The Return of Dracula

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The Return of Dracula
Directed by Paul Landres
Written by Pat Fielder
Starring Francis Lederer
Norma Eberhardt
Ray Stricklyn
John Wengraf
Virginia Vincent
Gage Clarke
Music by Gerald Fried
Cinematography Jack McKenzie
Edited by Sherman Rose
Production
company
Gramercy Pictures
Distributed by United Artists
Release date
  • April 1958 (1958-04)
Running time
77 minutes
Country United States
Language English

The Return of Dracula (a.k.a. Curse of Dracula on US television and The Fantastic Disappearing Man in the UK) is a 1958 horror film starring Francis Lederer as Count Dracula. The female lead, Rachel Mayberry, was played by Norma Eberhardt.[1] It was filmed in black and white (with a brief color shot of blood) and directed by Paul Landres.[2] It was released in 1958 as a double feature with The Flame Barrier.

Plot[edit]

The film is set in Carleton, a small town in 1950s California, where Count Dracula arrives, having killed and assumed the identity of an artist named Bellac Gordal (Norbert Schiller) who has traveled from Europe to visit his cousin, Cora Mayberry (Greta Granstedt). The story revolves around his interaction with Cora's daughter, Rachel (Eberhardt).[2]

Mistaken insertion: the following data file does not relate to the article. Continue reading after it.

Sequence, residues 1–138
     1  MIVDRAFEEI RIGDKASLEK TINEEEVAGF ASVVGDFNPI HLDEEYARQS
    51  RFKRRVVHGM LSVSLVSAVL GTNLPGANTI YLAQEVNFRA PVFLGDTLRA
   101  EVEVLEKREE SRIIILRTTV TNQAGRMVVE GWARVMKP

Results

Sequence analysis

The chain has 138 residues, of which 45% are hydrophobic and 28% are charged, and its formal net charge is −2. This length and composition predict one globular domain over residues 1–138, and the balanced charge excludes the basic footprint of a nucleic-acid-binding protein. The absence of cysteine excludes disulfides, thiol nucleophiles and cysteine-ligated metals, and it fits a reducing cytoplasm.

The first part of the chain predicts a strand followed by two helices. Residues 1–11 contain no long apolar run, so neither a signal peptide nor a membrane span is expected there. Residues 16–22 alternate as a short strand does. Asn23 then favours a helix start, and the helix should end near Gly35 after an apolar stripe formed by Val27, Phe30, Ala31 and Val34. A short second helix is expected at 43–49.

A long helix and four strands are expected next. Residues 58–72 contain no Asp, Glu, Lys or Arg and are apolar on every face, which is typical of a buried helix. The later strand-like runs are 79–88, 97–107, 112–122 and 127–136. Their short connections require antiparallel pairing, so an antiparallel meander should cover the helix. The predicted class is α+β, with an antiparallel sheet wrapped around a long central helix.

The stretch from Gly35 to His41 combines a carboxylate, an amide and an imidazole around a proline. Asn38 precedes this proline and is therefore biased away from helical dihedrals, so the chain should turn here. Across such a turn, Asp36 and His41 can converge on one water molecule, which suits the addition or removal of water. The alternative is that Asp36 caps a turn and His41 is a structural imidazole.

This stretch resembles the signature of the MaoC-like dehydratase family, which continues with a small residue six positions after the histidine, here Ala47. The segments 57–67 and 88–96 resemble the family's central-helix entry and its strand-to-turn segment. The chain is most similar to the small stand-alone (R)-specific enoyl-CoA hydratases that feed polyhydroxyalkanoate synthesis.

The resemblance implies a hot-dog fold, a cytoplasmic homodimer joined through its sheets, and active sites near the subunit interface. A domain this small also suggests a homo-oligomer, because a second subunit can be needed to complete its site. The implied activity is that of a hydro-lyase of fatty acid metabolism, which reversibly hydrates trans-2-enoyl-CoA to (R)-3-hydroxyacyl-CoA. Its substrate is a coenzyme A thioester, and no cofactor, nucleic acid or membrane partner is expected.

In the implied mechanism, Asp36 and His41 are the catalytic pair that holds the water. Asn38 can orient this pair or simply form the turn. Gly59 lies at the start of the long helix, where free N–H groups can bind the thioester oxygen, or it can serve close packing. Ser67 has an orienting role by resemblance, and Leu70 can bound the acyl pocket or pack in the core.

Cast[edit]

Production[edit]

When shown on US television, it was titled Curse of Dracula.[2] In the UK it was released theatrically as The Fantastic Disappearing Man.[3] Later in 1958, the film Horror of Dracula appeared in theaters in both the UK and the US, and The Return of Dracula would suffer as a result, due to Christopher Lee's new stardom as the Count.

Legacy[edit]

On October 27, 1971, Lederer reprised his role of Count Dracula on an episode of Night Gallery titled "The Devil Is Not Mocked". In this story, Dracula tells his grandson how he fought the Nazis during World War II.

See also[edit]

References[edit]

  1. ^ "Norma Eberhardt". The Daily Telegraph. 2011-09-28. Retrieved 2011-10-01.
  2. ^ a b c The Return of Dracula, Turner Classic Movies website, accessed October 12, 2011
  3. ^ The Return of Dracula, New York Times website, accessed October 12, 2011

External links[edit]